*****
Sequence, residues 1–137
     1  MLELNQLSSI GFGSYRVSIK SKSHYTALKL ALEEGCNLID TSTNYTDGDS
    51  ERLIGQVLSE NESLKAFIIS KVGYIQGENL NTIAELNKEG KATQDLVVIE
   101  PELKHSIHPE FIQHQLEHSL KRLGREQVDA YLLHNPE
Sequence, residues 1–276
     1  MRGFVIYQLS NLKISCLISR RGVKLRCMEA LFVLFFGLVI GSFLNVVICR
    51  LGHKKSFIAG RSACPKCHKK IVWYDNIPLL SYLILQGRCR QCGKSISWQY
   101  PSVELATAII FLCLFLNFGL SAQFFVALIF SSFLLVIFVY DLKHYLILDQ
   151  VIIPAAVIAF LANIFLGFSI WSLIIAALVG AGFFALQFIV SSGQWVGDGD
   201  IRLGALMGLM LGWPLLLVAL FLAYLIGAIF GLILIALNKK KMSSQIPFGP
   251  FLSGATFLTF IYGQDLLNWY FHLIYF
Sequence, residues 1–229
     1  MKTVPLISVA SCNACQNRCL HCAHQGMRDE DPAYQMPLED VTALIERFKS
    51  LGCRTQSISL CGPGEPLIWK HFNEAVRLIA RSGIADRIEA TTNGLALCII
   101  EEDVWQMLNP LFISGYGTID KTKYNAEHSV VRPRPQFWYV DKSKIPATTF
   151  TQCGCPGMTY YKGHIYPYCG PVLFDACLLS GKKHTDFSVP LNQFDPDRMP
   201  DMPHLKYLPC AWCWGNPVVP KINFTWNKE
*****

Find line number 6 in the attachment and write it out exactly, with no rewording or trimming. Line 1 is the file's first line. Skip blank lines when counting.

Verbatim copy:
     1  MRGFVIYQLS NLKISCLISR RGVKLRCMEA LFVLFFGLVI GSFLNVVICR